In earlier psalms there was a bunch of pleas to the LORD for help and deliverance from enemies and persecutors. Today’s psalms are a comforting layer of reported rescue and deliverance — this is the sort of stuff that helps build our faith.
Delivered from death (Psalm 116) — There is only one clue in this psalm about the source of the threat of death, and it is found in vv. 10, 11, where the psalmist says he was tempted to say, “All men are liars.” Thus, it would seem that the psalmist was the target of some sort of plotted assassination, insinuating therefore that he was a person of importance, probably a king, maybe David. Regardless of the circumstances, however, the writer is jubilantly praising God for his deliverance. He had felt like the outcome of events were surely going to be his death. Maybe you’ve not been there exactly, but have you felt like failure was certain, loss was certain — and then after making your plea to the LORD, victory was snatched out of the jaws of defeat? That’s where this psalmist is. God does that; He’s done it before and He can do it anytime He chooses. Sometimes all we need do is ask.
But there’s one more thing in this psalm that I found interesting and instructive, verse 15. The NAS95 reads, “Precious in the sight of the LORD Is the death of His godly ones.” Psalms 116:15; but the Jewish Publication Society (JPS) version reads, “The death of His faithful ones is grievous in the LORD’s sight.” The reading of the Hebrew is a little difficult. And maybe it’s just me, but the NAS95’s translation is a little less comforting to me than the JPS translation. The NAS95 seems to be saying that God’s faithful people are precious to him after their deaths — and although this certainly is true, the Scripture tells us that we are precious to Him before our deaths, too. Some gain some comfort from this translation from the perspective that God will give special attention to His own after their deaths. Maybe so, but it doesn’t really fit the context well, in my humble opinion. The JPS translation, on the other hand, seems to be trying to offer comfort to the reader by saying that it is not God’s intention to give His faithful people over to death — the very thing that the psalmist is thanking God about.
Short and sweet (Psalm 117) — It’s kind of interesting that the shortest psalm (117) and the longest psalm (119) are only one psalm apart. But in spite of its brevity, this psalm has powerful things to say. It is not an exclusive sort of psalm, like many are that are concerned primarily or only about Israel or one lone person. Rather it is a call to all nations to put down their idols, their false religions, and their religious diversity; and praise the LORD (Yahweh, the one and only God in this and all other worlds seen and unseen)! Why? Because His lovingkindness (ḥesed — covenant love) is great toward us. Who is us? Anyone willing to believe in Him, not limited to just the Jews, and exclusively realized in faith and obedience to Christ Jesus, the only begotten Son of God! And the truth of the LORD endures forever, is everlasting — quite unlike modern fads and fashions of truth (including the infamous post-modern nonsense). If you aren’t already, you need to “Praise the LORD” — not Allah, not Krishna, not Moses, not Buddha, not yourself, not your money, or any other so-called god of this world.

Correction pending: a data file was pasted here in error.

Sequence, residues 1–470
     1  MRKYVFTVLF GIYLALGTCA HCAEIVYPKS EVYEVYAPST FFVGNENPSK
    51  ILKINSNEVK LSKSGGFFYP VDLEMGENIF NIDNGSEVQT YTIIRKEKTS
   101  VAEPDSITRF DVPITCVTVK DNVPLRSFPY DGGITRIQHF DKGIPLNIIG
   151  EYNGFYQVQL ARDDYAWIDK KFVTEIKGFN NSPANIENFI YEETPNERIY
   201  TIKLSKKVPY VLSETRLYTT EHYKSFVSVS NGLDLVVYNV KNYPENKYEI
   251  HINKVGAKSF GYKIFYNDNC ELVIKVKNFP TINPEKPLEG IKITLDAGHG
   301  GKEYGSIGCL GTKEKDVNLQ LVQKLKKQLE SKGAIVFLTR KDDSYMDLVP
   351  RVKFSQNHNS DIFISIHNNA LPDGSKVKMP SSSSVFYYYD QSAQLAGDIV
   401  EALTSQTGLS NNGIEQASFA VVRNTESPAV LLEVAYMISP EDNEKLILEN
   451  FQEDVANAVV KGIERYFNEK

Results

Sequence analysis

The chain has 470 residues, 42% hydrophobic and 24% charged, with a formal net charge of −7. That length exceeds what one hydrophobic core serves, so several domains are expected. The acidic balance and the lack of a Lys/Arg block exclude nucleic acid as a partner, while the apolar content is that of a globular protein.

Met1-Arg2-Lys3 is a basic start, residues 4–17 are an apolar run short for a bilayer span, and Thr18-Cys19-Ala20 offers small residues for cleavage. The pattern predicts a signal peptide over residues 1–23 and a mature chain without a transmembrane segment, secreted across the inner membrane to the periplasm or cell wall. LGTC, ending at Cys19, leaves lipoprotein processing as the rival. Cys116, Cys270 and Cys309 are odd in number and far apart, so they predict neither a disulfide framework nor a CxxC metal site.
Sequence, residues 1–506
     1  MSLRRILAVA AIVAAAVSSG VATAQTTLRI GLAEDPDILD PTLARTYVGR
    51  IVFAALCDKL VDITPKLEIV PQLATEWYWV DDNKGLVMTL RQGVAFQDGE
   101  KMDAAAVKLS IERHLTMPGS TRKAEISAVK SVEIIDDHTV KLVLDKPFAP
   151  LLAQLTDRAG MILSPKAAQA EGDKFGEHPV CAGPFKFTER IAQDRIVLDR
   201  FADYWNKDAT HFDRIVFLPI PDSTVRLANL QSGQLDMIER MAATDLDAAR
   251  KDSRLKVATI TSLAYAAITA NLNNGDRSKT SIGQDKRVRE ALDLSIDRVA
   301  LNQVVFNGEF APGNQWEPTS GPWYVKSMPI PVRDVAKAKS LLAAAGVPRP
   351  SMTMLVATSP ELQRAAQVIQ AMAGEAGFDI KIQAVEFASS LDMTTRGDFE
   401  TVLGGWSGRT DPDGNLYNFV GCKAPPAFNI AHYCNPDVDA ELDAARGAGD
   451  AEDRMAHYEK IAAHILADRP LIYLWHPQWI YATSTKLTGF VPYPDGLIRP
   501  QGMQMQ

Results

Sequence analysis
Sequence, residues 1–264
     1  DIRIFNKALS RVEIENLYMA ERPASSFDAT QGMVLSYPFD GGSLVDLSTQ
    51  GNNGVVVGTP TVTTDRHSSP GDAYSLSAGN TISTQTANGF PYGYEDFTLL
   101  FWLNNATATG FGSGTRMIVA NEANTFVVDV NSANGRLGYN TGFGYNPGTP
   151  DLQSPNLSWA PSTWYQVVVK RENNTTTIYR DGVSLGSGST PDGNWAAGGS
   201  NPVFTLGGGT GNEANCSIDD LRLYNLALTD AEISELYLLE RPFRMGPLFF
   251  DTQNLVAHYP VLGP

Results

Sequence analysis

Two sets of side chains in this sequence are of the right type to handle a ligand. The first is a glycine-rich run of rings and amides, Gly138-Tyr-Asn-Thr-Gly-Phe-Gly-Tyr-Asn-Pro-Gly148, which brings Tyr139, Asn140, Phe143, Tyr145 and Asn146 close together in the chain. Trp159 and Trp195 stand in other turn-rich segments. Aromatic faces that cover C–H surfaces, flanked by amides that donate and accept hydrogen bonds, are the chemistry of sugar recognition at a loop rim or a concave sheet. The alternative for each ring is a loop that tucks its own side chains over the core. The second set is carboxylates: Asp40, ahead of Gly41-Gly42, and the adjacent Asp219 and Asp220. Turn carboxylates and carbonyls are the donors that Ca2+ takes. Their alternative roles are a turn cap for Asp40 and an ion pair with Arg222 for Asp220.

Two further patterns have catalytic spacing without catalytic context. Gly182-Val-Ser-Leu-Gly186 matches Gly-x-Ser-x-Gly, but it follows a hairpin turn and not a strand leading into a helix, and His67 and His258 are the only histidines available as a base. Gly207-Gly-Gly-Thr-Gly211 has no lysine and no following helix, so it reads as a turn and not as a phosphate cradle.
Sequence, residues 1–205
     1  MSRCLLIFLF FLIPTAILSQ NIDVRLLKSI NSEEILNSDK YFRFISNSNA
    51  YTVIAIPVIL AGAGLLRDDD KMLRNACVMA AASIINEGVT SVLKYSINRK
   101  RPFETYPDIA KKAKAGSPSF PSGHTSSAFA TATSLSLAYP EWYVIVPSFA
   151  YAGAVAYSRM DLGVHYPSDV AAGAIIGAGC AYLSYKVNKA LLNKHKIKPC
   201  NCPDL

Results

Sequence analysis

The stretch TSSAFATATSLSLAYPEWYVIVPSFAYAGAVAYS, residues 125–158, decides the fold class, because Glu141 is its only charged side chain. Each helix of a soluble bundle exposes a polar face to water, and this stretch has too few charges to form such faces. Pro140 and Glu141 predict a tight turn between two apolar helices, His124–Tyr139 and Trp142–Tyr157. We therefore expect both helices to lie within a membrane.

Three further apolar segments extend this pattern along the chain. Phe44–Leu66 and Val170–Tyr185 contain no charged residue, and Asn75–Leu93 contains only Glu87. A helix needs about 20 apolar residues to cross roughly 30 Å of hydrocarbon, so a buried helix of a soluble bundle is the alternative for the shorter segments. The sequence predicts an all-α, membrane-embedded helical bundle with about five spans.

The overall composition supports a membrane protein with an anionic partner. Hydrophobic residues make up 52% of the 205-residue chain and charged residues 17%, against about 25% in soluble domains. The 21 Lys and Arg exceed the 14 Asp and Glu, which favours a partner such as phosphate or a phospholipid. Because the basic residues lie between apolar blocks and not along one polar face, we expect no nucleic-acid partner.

The rejected stone is now the cornerstone (Psalm 118:22-24) — Although this is a psalm about a person who is praising God for his personal deliverance from evil men, it serves as a double meaning, a Messianic meaning. It could have easily been something that Jesus could have said, or prayed, or thought on the cross. Of course, Jesus wasn’t delivered from death in the shallower, earthly sense (it was His deliberate intention to die in our place), but He was delivered from death in the deeper, spiritual, and eternal sense — His resurrection from the dead. He certainly did find out that it was better to trust in the LORD than in princes or other men. Nations (Romans, Greeks, and Jews) did surround Him, they did “push Him violently”, and although He was disciplined severely (“Although He was a Son, He learned obedience from the things which He suffered.” Hebrews 5:8, NAS95.), Jesus was not given over to death. And indeed, the stone that the builders (the Jewish leadership) rejected did become the cornerstone. Such a wonder-filled, unexpected turn of events could be nothing but the LORD’s doing; how could it be anything but marvelous in a believer’s eyes? It is a day (of deliverance, resurrection, and salvation) that only the LORD could have crafted — and one, most certainly, to rejoice over!
See you tomorrow, Lord willing.